They start each day with 22 pushups before mounting their bikes for the journey ahead. Pushups are a daily reminder of the 22 veteran suicides that take place every 24 hours in America.
These men represent the United States Naval Academy’s graduation class of 1983.
They’ve all had careers in the Navy, and some have gone on to private industry, but all share the benefits of an education designed to create leaders. Leaders who protect the nation in wartime, but who see the benefits of giving back to those fellow veterans who weren’t as successful as they were. Their efforts as volunteers, following the mission statement they worked under as Midshipmen still rings true as they try to make a difference in the lives of those less fortunate who took up the defense of the nation.
Some were pilots, others commanded surface ships and submarines, and three of them rose to the rank of vice-admiral, wearing three stars on their shoulders.
Each of them has followed the mission of the Naval Academy and continues to do so in their joint “Ride Across America.”
Mission of the United States Naval Academy:
“To develop Midshipmen morally, mentally and physically and to imbue them with the highest ideals of duty, honor, and loyalty in order to graduate leaders who are dedicated to a career of naval service and have potential for future development in mind and character to assume the highest responsibilities of command, citizenship, and government.”
The Ride Across America is a fundraising effort with the set goal of raising $2,000,000 for a variety of non-profit organizations that aid veterans and their families.
“Four years ago, we started with six guys” Chip Ressel, one of the riders said.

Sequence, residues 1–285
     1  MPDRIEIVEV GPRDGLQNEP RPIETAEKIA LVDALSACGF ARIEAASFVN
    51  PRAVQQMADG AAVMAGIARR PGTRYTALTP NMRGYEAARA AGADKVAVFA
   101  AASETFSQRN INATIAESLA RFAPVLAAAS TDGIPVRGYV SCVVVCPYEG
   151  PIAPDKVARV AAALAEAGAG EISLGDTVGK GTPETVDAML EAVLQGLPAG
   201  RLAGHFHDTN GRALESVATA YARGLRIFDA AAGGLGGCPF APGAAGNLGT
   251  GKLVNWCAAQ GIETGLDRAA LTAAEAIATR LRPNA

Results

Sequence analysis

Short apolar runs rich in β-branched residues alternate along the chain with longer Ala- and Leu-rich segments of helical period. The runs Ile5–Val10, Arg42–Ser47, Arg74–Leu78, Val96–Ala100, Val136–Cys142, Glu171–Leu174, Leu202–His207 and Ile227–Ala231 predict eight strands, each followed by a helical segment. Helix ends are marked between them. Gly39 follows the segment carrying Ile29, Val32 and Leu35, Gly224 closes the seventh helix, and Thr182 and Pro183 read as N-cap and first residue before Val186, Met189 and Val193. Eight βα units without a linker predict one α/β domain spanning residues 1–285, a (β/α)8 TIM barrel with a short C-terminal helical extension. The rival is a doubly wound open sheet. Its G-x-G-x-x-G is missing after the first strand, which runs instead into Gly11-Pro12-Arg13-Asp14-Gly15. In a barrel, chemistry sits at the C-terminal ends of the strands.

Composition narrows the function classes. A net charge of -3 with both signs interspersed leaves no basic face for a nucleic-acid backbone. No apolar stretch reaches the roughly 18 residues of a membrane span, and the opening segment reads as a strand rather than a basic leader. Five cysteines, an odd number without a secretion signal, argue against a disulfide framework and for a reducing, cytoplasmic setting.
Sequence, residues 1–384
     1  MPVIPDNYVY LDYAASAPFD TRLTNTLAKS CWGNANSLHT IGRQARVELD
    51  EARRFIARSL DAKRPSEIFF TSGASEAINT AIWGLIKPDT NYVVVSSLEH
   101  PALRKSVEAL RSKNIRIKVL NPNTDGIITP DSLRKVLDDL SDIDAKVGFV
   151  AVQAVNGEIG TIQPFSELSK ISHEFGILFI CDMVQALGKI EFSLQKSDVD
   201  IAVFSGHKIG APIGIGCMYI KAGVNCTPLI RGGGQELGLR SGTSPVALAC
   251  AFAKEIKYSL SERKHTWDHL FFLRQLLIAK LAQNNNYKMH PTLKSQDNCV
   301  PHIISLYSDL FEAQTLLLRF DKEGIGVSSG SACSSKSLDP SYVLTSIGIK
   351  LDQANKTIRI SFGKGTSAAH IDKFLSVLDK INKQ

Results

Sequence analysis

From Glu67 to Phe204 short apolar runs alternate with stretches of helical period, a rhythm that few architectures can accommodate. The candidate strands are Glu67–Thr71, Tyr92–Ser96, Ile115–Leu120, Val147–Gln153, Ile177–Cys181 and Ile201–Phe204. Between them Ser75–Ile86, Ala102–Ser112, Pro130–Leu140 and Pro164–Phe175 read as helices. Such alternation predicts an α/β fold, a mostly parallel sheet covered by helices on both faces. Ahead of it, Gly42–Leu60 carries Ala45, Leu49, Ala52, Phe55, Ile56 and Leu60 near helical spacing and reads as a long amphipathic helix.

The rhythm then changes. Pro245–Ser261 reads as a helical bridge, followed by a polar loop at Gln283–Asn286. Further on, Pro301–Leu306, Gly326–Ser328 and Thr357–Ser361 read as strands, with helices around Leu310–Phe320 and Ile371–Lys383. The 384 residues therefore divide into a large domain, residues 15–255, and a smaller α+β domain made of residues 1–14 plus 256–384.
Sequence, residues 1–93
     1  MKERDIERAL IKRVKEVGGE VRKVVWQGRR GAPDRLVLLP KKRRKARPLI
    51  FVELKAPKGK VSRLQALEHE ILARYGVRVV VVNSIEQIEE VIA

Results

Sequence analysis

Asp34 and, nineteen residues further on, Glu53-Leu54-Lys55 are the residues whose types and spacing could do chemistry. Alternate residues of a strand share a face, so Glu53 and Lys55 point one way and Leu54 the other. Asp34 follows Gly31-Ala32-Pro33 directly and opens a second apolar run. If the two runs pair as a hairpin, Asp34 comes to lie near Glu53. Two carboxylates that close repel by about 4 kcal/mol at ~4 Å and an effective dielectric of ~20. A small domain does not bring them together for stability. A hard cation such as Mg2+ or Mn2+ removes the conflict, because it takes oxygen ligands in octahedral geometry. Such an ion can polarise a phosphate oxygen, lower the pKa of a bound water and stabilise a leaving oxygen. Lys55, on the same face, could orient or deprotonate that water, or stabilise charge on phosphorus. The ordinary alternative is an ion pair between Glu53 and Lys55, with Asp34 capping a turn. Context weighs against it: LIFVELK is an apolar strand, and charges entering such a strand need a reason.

At one of their reunions, another member of the Class of ’83 came up with the idea of a fundraising bike ride.
“John Hultz stood up and said, I’ve got an idea, let’s ride across America,” Ressel said.
The idea of retired Naval officers riding bicycles from coast to coast became a reality in Fremont County, Wyoming last week.
The current riding team of 16 men, with a few of their wives, entered Fremont County from the west, riding over Togwotee Pass into Dubois, with a stop at the National Military Vehicles Museum east of town near the East Fork.
“That’s an impressive museum,” Peter Stitt and Ressel said. “You wouldn’t expect a museum of that quality in a little mountain town in Wyoming.”
After a tour of the museum, the group set off for the approximately 75-mile run to the Holiday Inn Riverton.
“It was an easy ride,” Ressel said. “It’s almost all downhill.”
The group relaxed at the Holiday Inn before going to dinner later Friday evening.
The trip to Casper the following day was one of the seven “centuries” the riders have scheduled for their trek across America.
Century means 100 miles or more, and the trek from Riverton to Casper fits the idea. In the first 45 minutes, they had covered the approximately 20 miles from the parking lot of the Holiday Inn to the Boysen Causeway and they arrived in Casper later Saturday afternoon.
The purpose of this trip is to bring attention to a wide variety of non-profit organizations that help veterans.
Each of the riders has their favorite veterans aid organization with many of them faith-based. Some offer help to veterans suffering from service-related injuries, others concentrate on supporting families of veterans, and still others provide aid to the children of veterans with educational costs. All of the organizations these men support can be found on this website.